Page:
The connected home concept is not new. It has been around ever since fixed broadband was first launched, and over the years numerous service providers have tried, largely without success, to launch connected home services into the mass market. And yet here we still are in 2011 still talking about the same services, same opportunities, and to a certain extent the same problems, as we were ten years ago.
So are connected home opportunities real, and is now the time to realize them, or will we be simply repeating this conversation in another ten years' time?
The connected home promise is not a myth, the opportunities are real and demand is growing. There are numerous reasons why connected home services failed in the past, but they largely come down to: unrealistic pricing, bad marketing and services aimed at the niche rather than the mass market.
The latter is the most important. It is difficult to sell a product or service when the customer doesn't see the need for it - the connected fridge is perhaps the best and most well-known example. But even when real mass-market opportunities such as content backup have sprung up, connected-home solutions have then been badly marketed and priced too high for customers to see or understand their real benefit over simpler and cheaper consumer electronic solutions.
There is currently a shift in the market, however - one that will prise open the mass market for cloud-based, connected home solutions. This shift is caused by the rapid adoption of portable, more personal connected devices, which is loosening our dependence on the desktop PC as our internet portal. As this shift takes place, connected home services increasingly start to make sense, as they suddenly start to meet a real need.
The need for media sharing and remote content access for example, only starts to become important when we own and regularly use a number of connected devices on which we would like to access the same content. According to Ovum's Consumer Insights data, the average number of connected devices we use on a regular basis in the developed world is 3.2.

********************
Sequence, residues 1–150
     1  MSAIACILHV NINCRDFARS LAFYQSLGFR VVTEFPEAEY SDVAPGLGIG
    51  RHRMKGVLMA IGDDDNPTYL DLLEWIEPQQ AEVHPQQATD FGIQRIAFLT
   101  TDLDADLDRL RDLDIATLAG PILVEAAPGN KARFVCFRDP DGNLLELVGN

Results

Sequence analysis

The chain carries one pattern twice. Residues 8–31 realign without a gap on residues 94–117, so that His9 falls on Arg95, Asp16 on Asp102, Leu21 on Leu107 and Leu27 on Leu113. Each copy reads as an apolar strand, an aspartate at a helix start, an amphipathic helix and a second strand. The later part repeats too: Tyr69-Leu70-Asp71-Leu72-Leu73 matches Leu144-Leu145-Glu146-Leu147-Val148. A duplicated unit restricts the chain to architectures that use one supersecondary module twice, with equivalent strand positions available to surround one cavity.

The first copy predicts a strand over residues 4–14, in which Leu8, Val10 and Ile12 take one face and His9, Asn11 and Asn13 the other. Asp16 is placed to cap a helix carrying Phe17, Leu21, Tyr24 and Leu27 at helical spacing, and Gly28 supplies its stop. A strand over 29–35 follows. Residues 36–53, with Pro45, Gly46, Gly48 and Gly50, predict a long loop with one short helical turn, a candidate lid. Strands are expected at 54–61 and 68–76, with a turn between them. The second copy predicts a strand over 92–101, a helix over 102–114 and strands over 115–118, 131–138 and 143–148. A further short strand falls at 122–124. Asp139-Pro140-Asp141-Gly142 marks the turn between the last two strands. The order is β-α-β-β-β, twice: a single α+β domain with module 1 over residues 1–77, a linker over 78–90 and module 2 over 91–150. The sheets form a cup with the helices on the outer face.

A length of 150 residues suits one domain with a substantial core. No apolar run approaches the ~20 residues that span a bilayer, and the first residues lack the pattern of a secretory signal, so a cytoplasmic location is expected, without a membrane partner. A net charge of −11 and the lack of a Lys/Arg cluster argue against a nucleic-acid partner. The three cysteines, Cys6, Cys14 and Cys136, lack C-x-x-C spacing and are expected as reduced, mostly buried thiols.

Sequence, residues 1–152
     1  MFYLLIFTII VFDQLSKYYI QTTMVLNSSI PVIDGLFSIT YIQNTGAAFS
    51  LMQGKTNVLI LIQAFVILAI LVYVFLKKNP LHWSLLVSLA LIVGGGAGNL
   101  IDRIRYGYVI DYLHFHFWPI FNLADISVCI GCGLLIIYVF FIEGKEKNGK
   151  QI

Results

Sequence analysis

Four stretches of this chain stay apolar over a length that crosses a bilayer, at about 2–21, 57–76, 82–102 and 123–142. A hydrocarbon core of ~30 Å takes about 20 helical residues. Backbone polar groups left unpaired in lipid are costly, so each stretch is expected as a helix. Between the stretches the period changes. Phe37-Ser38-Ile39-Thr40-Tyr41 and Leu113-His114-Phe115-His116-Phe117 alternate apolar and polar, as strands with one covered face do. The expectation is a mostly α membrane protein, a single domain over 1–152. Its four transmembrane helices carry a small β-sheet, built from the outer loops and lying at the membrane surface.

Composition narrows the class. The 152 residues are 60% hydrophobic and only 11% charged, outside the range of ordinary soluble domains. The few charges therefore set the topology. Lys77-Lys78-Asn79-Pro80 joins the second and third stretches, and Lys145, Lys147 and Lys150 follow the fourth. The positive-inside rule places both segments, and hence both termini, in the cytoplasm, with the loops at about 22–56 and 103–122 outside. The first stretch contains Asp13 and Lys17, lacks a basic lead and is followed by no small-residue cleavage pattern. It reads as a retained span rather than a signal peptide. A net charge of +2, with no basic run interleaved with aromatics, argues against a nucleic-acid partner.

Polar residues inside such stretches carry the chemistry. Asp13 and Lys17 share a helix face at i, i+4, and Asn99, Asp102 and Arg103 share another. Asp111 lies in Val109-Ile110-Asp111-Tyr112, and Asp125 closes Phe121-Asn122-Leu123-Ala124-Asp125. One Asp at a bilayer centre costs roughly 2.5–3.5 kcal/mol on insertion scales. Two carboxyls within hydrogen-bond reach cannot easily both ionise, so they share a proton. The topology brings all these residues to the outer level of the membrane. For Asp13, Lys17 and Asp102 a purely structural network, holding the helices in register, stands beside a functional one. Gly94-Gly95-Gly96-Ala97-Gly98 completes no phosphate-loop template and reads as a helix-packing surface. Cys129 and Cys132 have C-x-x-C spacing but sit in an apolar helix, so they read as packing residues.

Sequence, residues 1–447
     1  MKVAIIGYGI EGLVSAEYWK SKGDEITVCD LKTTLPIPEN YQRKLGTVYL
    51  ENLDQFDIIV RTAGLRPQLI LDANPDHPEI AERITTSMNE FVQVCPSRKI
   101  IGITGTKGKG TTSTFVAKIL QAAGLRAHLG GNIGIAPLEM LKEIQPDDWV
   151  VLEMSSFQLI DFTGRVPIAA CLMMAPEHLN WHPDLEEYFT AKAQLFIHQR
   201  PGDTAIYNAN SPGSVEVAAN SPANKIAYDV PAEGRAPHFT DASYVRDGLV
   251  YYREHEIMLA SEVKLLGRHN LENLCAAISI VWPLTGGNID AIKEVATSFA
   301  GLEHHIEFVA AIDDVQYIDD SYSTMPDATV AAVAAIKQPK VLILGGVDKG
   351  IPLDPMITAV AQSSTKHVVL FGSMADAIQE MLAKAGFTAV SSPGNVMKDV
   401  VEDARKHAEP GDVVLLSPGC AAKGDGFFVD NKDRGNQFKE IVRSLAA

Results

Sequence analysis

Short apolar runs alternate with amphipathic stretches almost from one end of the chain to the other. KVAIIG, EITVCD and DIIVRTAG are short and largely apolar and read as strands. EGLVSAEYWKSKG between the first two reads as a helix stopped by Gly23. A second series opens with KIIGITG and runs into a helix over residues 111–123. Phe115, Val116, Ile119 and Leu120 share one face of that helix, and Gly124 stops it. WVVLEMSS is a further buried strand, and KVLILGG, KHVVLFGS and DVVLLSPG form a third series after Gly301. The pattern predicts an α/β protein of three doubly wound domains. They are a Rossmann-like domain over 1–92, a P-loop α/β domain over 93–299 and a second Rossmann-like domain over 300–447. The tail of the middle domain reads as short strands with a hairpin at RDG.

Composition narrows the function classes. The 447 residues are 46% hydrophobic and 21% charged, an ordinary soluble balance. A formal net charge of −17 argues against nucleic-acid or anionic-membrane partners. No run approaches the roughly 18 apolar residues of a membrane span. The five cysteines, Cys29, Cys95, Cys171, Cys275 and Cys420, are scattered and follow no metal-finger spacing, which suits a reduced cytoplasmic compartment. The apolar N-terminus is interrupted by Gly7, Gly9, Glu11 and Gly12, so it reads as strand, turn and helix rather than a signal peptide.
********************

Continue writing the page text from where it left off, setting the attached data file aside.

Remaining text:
As the mass market continues to become more "connected", a greater range of connected home services will start to also appeal. It is then down to service providers to get the pricing and marketing right.
Choosing a strategy
According to our Consumer Insights data, the biggest opportunities today are focused around advanced home monitoring and security, device security, advanced parental controls, and media sharing with automatic content back up. However, creating the right go-to-market strategy will be critical to maximize these, and other, connected home opportunities.
Trying to charge for each individual application separately, which is often what has been attempted in the past, is certainly unlikely to work. Consumers have become too used to value-added services coming for free or as part of a bundle to suddenly start paying for individual applications. However, giving everything away for free does little for ARPU growth, which must be a priority for service providers going forward.
Service providers will need to be canny enough to know which services to incorporate as a value-add to create stickiness with their customers and to identify those it can charge a premium in order to increase ARPU. Ovum warns service providers to look at their own market when developing this strategy though, as our data clearly shows that different markets are prepared to pay for different things, so simply copying thy neighbor will not work in all cases.
It is broadband service providers that have eyed the connected home market for the past ten years. However, as the connected world converges, broadband service providers are far from being the only consumer brand with presence in the connected home.
Although coming from completely different backgrounds, going forward it will become increasingly hard for the consumer to distinguish between a pay-TV operator, a broadband service provider, an online company, or even, in some cases, a consumer electronics vendor.
As some connected home services are related to a core product (just as media sharing may be linked to an online music offering, for example), it will seem natural for consumers to take such services from the suppliers of those core products. The more powerful brands in these core areas will have the advantage of either increasing their stickiness and/or ARPU. As offerings start to look similar, however, players will have to work harder to make sure they retain their position as one of these key brands.
Michael Philpott is practice leader the consumer segment at Ovum